Anticipation Stage and "Fall" into the Other World
A Connecticut Yankee in King Arthur's Court follows a Voyage and Return plot, as discussed by Christopher Booker. However, Twain is also writing a satire, so he up-ends a lot of established conventions while still sticking to the basic structure. In many cases, the hero in these stories is young and inexperienced, eager for adventure or otherwise in need of a big change in their world. Hank is the exact opposite, though: experienced, worldly, happy with his lot, and not at all in need of a blow to the noggin to send him off to a magical land of enchantment.
Initial Fascination or Dream Stage
Stories of this kind typically entail a period of wonder as the hero explores his new surroundings, but not so much for our dear Hank the Yank. Yes, he's in a new world, but it's mucky and gross. He's taken prisoner, scheduled to be executed, and forced to endure the slovenly table manners of the so-called nobility. The only wonder he experiences is realizing how dim these people are, and figuring out how he can turn that to his advantage.
Again Twain sticks to the basic structure of the Voyage and Return plot while overturning the effect this stage has on the story. Hank faces a series of challenges as he goes through the medieval world, but they don't seem to bother him much. Instead, each time he manages to come up with a new solution that puts him in an even better position. His frustrations mainly stem from an inability to get other people to understand his ideas, instead of any real challenges or threats.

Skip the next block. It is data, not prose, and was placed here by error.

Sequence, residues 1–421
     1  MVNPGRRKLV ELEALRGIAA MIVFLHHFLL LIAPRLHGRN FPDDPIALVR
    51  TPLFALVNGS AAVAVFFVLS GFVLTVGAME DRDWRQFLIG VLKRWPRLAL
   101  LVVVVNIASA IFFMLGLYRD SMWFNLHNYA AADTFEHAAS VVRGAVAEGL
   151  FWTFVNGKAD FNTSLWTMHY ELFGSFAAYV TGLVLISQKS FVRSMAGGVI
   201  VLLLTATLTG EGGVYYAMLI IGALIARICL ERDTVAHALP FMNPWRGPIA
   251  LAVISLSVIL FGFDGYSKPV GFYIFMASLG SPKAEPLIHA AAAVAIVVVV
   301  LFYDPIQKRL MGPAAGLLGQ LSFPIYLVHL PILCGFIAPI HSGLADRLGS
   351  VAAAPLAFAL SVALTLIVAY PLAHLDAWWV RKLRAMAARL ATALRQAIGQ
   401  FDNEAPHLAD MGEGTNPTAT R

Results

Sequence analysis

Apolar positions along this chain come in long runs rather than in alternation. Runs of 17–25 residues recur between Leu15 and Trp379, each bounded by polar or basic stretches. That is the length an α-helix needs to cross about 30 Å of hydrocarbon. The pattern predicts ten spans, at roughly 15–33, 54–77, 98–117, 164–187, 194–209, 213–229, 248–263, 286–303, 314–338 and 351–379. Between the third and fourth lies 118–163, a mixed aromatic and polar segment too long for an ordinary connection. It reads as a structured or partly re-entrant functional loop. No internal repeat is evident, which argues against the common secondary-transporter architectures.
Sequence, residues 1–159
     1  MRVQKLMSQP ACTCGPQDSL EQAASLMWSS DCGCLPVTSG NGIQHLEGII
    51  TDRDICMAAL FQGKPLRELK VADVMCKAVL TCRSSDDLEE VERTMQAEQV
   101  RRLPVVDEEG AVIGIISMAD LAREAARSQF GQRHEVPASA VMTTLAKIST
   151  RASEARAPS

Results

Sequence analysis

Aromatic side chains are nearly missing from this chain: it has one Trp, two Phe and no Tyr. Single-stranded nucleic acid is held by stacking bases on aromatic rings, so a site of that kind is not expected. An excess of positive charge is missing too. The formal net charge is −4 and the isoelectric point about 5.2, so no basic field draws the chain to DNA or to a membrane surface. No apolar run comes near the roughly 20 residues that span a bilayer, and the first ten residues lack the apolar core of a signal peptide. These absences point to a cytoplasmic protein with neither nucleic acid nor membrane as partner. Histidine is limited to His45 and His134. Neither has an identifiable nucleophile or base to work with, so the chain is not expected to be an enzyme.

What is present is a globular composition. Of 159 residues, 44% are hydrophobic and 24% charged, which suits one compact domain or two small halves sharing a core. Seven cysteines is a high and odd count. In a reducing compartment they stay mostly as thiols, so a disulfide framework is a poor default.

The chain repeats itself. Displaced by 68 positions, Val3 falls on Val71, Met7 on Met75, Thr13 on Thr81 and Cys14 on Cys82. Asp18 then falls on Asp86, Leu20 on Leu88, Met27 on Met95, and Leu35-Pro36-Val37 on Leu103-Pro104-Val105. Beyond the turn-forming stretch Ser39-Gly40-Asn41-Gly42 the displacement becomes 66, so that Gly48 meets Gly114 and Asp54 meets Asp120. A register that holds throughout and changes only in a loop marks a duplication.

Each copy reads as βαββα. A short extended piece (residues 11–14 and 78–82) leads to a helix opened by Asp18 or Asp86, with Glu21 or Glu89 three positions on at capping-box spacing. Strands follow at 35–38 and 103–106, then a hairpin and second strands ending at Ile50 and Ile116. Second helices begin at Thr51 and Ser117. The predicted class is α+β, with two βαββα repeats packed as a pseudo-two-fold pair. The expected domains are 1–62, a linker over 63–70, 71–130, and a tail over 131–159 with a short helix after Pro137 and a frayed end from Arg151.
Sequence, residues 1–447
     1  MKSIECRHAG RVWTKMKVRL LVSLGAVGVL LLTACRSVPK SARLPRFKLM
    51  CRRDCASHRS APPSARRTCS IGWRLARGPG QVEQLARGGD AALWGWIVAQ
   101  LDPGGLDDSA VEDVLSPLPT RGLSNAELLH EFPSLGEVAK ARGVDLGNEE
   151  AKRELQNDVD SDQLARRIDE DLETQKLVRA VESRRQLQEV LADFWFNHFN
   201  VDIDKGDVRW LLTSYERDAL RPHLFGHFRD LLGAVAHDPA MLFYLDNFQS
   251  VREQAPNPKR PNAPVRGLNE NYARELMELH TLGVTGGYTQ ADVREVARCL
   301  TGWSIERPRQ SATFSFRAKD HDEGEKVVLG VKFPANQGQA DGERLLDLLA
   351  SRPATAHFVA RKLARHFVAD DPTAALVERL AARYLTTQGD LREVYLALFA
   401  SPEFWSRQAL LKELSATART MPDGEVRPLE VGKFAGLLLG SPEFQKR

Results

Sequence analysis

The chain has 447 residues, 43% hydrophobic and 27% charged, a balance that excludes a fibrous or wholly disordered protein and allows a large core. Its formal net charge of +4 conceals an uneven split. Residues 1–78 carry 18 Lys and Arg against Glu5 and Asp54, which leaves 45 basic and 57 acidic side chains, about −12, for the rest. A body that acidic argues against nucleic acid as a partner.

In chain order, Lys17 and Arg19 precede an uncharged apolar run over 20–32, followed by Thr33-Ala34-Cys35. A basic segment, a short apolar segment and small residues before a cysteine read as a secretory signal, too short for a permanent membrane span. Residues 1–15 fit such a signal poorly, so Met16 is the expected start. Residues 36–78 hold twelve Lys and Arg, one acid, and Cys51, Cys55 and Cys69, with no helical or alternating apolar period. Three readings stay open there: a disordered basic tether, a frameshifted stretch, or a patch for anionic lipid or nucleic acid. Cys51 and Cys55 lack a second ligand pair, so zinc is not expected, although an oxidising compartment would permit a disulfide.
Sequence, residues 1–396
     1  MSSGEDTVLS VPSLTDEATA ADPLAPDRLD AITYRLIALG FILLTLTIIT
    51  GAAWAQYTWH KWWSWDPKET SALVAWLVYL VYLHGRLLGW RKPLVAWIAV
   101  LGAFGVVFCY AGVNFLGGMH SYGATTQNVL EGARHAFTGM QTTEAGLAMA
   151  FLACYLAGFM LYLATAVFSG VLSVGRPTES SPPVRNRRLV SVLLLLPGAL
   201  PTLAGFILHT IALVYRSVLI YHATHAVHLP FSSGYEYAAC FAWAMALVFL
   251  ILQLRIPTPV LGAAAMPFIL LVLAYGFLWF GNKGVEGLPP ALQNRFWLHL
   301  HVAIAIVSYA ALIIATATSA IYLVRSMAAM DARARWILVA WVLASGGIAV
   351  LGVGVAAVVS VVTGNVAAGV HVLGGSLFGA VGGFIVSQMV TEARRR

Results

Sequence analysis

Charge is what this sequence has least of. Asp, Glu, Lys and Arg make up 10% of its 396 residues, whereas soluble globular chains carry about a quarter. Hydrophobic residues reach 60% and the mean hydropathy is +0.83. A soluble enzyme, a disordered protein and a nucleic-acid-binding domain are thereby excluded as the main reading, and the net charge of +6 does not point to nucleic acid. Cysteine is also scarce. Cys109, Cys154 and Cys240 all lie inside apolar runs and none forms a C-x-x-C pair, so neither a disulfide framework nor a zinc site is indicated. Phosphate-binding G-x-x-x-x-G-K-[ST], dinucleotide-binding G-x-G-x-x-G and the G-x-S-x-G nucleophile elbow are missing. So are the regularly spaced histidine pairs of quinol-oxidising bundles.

The nightmare stage, in this case, arrives suddenly and without warning. Instead of a gradual build-up, it comes at Hank the Yank in a great rush: Arthur dies, the kingdom turns against him, dogs and cats start living together… okay, not so much with that last bit, but you catch the drift. Even here though, Twain defies our expectations. Hank and his friends have planned for the worst, you see, and turn their supposed defeat into an against-all-odds last stand for the ages.
Thrilling Escape and Return
Like the rest of the book, the return to modern times—courtesy of Merlin's spell—is actually a quite unhappy ending for Hank. Instead of returning with hard-won wisdom and maturity, he's ripped away from everything he loves and saddled with the knowledge that all his positive changes to the past have been wiped out. It's a pretty rough ending for a comedy, but so it goes with Twain.